“Impasto”, an exhibition by Emenike Ogwo which opens on September 8 and runs till September 13 at Terra Kulture, Victoria Island, Lagos, aims to highlight the boundless limit of creativity, writes Mary Ekah
Impasto, the process or technique of laying on paint or pigment thickly so that it stands out from a surface, has been a style that Emenike Ogwo has found fascinating for decades.
“It is an approach that I like and I have always painted like that because in painting we have about five elements of designs and for your design to be okay, you have to have colour, line, texture, form and value. As a painter, you express yourself in colour and for those who draw a lot, you would see lines in their works while the colour would be so faint. But for some, you see thick colour, which is what I believe in. I believe in works coming out of the canvas and that is why I have been so fascinated by the technique Impasto which I use basically to express what I have in mind,” Ogwo said.
“I had my last exhibition in 2009 and a lot has happened between 2009 and 2012. It is either you are correcting the ills in the society or you are making a statement or whatever. While you still create fun in your environment, you make a statement to change things that need to be changed and also educate those that need to be educated. Also, the technique Impasto has been silent and now I want people to know that this is my style,” the artist added.
Ogwo noted further: “In judging our progress as individuals, we tend to concentrate on external factors such as one’s social position, influence and popularity, wealth and standard of education. But internal factors may be even more crucial in accessing one’s development as a human being like honesty, sincerity, simplicity, humility, purity, generosity, absence of vanity, readiness to serve your fellow men to mention but a few.”
He explained that this exhibition deals with qualities within the reach of every soul, which is the foundation of one’s spiritual life. He however expressed dismay over the fact that it is difficult to come to terms with this all important responsibility because of problems which we face, starting from the rights of a child.
“Basically, every child has the right to life and to be allowed to survive and develop. Every child should receive compulsory basic education and equal opportunity for higher education depending on individual ability. He or she is entitled to good health, proper medical attention for survival, personal growth and development. Every child must be protected from indecent and inhuman treatment through sexual exploitation, drug abuse, child labour, torture, maltreatment and neglect. No child should suffer any discrimination irrespective of ethnic, origin birth, colour, sex, language, religion, political and social beliefs, status or disability. Parents should give the child parental care, love, affection and proper upbringing,” said Ogwo who explained that his works in this exhibition are basically based on this premise.
Ogwo who is showcasing 40 works said he has been working towards the show for about four years and has titles like “Breastfeeding: What Future”, a work that shows a mother cow working away while her calf suckles from the cow’s teat. The work, Ogwo said aims at educating mothers on the importance of breastfeeding their babies. There are also other titles like, “Tokunbo Car Park-Marina” “CMS Bust Stop”, “Balogun Market”, “Help the Needy” “The Journey of Life” and many others.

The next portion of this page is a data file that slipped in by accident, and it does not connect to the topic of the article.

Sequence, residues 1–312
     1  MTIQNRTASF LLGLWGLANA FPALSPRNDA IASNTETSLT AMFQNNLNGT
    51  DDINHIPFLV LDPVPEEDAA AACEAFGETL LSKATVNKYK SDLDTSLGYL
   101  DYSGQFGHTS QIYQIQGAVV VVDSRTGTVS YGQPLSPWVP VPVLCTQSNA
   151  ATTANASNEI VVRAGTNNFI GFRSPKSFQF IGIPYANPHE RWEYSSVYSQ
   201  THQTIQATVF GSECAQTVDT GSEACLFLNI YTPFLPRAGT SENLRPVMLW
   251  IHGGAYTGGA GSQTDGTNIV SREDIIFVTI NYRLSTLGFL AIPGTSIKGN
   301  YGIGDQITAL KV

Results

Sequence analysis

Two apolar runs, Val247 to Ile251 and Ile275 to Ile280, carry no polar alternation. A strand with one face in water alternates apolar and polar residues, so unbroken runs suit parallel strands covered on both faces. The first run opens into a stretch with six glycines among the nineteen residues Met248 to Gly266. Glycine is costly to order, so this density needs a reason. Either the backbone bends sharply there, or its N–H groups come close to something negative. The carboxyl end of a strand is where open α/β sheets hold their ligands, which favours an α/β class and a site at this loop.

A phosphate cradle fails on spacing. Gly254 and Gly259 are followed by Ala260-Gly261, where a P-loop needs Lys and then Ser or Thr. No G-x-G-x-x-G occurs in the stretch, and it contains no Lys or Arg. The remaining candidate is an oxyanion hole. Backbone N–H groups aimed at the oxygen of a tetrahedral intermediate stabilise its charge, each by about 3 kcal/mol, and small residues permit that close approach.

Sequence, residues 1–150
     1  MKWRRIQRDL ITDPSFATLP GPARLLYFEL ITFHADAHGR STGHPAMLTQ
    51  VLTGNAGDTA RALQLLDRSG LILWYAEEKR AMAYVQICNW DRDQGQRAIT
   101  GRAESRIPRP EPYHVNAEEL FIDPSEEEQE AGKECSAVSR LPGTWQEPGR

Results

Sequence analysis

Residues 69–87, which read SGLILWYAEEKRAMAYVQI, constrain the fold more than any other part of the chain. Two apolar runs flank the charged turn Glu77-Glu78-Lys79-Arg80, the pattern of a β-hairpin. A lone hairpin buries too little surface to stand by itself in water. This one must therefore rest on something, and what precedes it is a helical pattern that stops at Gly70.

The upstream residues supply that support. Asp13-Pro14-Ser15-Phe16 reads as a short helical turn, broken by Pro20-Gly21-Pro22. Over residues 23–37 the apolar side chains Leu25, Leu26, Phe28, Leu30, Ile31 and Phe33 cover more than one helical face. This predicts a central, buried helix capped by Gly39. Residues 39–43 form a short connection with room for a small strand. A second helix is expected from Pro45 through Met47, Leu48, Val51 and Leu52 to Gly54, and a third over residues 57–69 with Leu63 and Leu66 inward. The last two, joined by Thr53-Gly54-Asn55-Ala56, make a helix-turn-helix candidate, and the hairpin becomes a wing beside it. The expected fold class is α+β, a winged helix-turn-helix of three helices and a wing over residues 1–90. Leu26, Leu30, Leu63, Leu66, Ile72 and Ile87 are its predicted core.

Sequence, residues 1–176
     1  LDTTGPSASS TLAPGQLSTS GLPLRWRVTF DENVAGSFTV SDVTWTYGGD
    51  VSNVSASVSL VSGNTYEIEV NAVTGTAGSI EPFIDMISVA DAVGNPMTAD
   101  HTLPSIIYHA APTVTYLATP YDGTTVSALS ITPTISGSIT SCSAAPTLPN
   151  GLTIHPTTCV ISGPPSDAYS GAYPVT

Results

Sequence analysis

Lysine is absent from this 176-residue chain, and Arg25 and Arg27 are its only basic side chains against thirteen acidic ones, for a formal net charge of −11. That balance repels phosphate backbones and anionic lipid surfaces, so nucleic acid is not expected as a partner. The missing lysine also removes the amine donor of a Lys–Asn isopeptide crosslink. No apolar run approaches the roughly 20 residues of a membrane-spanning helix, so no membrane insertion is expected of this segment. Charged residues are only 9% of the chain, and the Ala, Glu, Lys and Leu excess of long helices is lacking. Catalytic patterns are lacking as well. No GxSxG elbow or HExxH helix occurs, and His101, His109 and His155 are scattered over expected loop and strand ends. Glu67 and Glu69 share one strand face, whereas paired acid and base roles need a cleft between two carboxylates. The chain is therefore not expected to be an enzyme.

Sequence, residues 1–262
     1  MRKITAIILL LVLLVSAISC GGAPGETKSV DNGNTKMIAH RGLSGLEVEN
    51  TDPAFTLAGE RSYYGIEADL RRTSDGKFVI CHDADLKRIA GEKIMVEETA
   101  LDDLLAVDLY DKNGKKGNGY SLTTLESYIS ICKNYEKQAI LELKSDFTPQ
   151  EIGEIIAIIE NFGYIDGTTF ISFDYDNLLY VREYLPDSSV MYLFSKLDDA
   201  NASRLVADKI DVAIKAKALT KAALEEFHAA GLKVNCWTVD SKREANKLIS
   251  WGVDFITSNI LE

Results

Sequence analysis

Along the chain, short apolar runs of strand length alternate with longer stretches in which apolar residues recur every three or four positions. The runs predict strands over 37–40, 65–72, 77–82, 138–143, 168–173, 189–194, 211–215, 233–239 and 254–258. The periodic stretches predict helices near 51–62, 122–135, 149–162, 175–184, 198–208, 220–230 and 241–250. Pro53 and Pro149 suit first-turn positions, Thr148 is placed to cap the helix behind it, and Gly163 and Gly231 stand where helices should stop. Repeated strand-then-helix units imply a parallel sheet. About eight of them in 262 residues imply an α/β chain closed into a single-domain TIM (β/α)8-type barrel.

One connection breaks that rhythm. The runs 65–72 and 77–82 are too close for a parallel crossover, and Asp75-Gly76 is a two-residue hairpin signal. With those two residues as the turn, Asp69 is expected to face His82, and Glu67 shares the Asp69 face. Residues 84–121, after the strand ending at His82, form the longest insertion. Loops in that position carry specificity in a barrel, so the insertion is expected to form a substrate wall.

For Ogwo, a great painting is all these moments captured an even though it may take years to create, he believes the effect on the viewer is immediate. “Good art is more than just a record of the artist’s inner life. For it to be universal, it must represent a fusion between who is describing and what is being described. If the content is too dominating and the technique too super-finished and academic, the painting can look impersonal. If the artist is too dominating, too expressionistic, the painting can look self-indulgent,” he noted.
The characteristics of a superior painting, Ogwo argued, are the same characteristic that you find in a good piece of music or a good novel or a good play. One of these qualities, he said is richness in a painting - a wide tonal range with strong darks and vibrant lights.
“Another quality is mystery. If everything is too precisely rendered, the viewer is not pulled into the painting; there should be unexplained passages for the viewer to fill in. Simplicity is yet another attribute of good art. Both the idea and the depiction of that idea must be simple enough to communicate forcefully.”
Another quality he noted is design. A good painting Ogwo insisted assembles disparate elements into a structured order. “Each piece has a shape and design of its own that echoes the general design of the painting as a whole and then it must have focus,” he added. More importantly, the painting, he noted, should have a focus and should lead up to something, adding however that aforementioned qualities are not peculiar to painting but to life in general, noting that “collectively, they define all arts or what life is about”.
“A good painting speaks to us though it may not have a lot to say, it says it so beautifully that you are never tired of taking it in. One look at a really fine landscape painting will refresh your memory and fill your depressed heart with gladness. Again you might in a fit of gloom, grow to dislike the sight of hundreds and hundreds of people streaming along in drab closes, all hurrying, all cross looking. One look at some of the best painting will remind you that people are not so bad after all.”
A painter, according to him, paints what he loves and “if he is an artist he will make you love it to. So when you feel depressed with everybody go and stare at the pictures in art gallery and they will probably put you in a kinder frame of mind.”